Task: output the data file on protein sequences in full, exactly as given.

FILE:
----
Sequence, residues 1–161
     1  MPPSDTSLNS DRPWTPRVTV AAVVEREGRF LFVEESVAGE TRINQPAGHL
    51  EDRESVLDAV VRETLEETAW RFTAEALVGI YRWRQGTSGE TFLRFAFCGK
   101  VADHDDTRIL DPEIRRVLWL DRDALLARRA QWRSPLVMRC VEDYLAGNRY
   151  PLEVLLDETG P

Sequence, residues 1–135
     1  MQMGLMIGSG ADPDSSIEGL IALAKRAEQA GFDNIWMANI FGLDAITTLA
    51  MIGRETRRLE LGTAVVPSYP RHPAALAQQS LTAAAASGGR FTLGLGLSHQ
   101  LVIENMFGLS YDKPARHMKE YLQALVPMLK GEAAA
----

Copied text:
Sequence, residues 1–161
     1  MPPSDTSLNS DRPWTPRVTV AAVVEREGRF LFVEESVAGE TRINQPAGHL
    51  EDRESVLDAV VRETLEETAW RFTAEALVGI YRWRQGTSGE TFLRFAFCGK
   101  VADHDDTRIL DPEIRRVLWL DRDALLARRA QWRSPLVMRC VEDYLAGNRY
   151  PLEVLLDETG P

Sequence, residues 1–135
     1  MQMGLMIGSG ADPDSSIEGL IALAKRAEQA GFDNIWMANI FGLDAITTLA
    51  MIGRETRRLE LGTAVVPSYP RHPAALAQQS LTAAAASGGR FTLGLGLSHQ
   101  LVIENMFGLS YDKPARHMKE YLQALVPMLK GEAAA